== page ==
Rishi Sunak has dodged a commitment to include the pensions ‘triple lock’ in the next Tory election manifesto.
The Prime Minister now risks a backlash from his own MPs who will worry about turning off older voters in the general election.
It comes amid reports ministers could consider a cut to benefits ahead of voters going to the polls, to free up funds for Chancellor Jeremy Hunt to offer tax cuts.
Asked about the so-called triple lock, which mandates that state pensions must increase annually by whichever is highest of inflation, earnings growth or 2.5 per cent, Sunak said he was “not going to speculate” on what would be included in the party’s election pledges.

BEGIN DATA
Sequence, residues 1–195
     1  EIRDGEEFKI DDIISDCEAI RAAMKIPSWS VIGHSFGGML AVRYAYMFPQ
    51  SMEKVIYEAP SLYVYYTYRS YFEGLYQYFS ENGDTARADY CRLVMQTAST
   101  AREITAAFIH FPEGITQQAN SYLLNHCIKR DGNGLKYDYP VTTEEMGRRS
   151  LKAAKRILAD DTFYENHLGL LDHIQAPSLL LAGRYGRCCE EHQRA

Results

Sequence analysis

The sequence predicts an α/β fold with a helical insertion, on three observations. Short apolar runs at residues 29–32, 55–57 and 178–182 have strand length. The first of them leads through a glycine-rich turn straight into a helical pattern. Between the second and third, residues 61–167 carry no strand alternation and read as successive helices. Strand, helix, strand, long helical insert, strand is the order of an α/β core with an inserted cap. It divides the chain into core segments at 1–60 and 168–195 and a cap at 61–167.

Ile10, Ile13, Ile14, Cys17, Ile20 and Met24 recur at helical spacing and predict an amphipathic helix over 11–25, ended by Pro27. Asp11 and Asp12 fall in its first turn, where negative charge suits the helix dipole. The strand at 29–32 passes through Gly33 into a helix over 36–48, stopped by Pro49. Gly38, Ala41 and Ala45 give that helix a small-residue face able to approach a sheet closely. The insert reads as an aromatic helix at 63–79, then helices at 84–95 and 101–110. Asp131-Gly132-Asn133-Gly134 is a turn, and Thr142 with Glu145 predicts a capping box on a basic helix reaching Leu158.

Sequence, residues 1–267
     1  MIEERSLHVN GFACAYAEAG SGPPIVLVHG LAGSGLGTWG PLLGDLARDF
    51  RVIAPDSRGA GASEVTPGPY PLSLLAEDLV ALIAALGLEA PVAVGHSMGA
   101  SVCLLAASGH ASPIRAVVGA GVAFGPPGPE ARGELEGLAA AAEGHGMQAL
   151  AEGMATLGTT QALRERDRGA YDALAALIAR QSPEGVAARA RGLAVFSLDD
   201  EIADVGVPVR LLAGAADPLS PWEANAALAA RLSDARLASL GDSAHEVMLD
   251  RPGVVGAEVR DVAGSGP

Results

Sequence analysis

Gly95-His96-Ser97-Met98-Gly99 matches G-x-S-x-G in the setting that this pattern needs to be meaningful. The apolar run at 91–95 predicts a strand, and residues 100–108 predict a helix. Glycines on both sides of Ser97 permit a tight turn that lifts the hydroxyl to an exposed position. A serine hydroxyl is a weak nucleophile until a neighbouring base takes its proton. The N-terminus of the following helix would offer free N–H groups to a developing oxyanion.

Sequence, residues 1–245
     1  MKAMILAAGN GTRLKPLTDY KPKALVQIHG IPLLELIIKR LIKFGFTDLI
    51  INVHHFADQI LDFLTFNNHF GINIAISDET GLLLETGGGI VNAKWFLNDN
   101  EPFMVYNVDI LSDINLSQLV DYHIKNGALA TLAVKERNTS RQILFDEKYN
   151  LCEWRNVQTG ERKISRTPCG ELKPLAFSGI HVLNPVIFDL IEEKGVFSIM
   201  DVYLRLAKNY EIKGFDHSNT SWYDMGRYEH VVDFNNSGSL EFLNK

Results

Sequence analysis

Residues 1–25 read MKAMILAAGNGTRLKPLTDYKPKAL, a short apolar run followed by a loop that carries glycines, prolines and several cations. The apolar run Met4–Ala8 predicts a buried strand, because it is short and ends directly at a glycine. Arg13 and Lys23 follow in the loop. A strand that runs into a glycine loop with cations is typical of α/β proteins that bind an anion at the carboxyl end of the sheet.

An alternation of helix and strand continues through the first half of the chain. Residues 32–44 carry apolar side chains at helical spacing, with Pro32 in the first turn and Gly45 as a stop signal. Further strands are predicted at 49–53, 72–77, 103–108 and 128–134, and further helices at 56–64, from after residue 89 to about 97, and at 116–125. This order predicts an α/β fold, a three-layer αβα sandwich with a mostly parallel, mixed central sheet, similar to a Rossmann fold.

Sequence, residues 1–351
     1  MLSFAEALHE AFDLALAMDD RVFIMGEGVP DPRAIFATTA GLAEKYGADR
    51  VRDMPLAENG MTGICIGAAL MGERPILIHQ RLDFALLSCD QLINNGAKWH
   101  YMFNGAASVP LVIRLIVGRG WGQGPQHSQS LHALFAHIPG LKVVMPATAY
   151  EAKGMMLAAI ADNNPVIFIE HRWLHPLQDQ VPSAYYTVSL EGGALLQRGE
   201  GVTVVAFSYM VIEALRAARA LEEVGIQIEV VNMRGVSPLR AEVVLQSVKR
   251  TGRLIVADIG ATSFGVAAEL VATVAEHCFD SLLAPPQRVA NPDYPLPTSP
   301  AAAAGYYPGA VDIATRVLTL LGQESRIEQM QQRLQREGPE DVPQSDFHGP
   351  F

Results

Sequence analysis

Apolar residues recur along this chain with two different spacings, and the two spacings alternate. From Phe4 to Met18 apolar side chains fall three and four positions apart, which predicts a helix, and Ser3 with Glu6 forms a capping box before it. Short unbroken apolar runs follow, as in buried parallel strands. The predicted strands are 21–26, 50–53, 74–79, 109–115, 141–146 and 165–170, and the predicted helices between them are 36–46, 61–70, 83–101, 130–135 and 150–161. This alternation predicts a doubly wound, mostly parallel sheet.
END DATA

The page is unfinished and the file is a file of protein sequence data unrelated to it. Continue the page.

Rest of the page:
Speaking at the G20 summit in New Delhi, the Prime Minister told the Financial Times: “We’re not going to speculate on the election manifesto now.
“I’ve got plenty to get on with between now and then. But the triple lock is the government’s policy and has been for a long time.”
Sunak’s comments come after work and pensions secretary Mel Stride said in June that the pledge would “almost certainly” be included in the document, ahead of an election which must be held before January 2025, saying there was a “particular duty” to protect the elderly.
In 2010 the coalition government brought in the triple lock, in an attempt to cut pensioner poverty, and since then retirees’ incomes have generally risen above workers’ wages.
But recent steep wage rises could see the Treasury forced to impose an eight per cent increase to the state pension following a 10.1 per cent rise this year due to inflation.
Think tank the Institute for Fiscal Studies warned that the lock could pile £45bn a year on to the welfare bill by 2050, adding pressure to bring forward raising the retirement age from 66 to 67, expected to come between 2026 and 2028.